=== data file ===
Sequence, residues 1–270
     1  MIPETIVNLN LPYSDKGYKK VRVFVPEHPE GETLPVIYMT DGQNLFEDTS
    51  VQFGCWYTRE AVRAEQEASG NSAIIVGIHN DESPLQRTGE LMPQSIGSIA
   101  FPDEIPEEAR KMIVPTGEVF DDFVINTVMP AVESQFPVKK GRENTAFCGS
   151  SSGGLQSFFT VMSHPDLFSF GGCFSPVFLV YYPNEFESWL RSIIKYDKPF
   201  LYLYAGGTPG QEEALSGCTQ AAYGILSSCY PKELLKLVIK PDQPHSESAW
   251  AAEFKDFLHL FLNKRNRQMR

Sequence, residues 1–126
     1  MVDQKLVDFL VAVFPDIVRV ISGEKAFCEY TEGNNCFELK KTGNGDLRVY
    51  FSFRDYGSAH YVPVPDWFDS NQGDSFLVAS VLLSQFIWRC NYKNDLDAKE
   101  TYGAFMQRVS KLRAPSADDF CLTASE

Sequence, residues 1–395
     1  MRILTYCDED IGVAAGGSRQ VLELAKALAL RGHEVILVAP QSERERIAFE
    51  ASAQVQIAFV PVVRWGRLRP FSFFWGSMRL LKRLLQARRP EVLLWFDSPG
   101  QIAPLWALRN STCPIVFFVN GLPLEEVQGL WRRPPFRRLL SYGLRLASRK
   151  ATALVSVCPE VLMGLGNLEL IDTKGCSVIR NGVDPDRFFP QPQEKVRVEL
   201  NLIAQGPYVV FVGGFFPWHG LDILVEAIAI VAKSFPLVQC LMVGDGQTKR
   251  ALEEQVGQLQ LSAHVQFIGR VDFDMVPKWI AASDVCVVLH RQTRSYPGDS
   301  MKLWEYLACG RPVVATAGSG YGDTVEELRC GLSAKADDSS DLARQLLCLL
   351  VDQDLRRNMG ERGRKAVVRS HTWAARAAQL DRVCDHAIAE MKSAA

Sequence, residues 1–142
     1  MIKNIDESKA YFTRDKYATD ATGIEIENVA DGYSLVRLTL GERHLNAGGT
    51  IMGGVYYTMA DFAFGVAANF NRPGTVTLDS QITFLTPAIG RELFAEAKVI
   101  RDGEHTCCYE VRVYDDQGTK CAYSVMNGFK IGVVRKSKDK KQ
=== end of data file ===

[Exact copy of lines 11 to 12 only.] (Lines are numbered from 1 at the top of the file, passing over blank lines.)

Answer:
   101  TYGAFMQRVS KLRAPSADDF CLTASE

Sequence, residues 1–395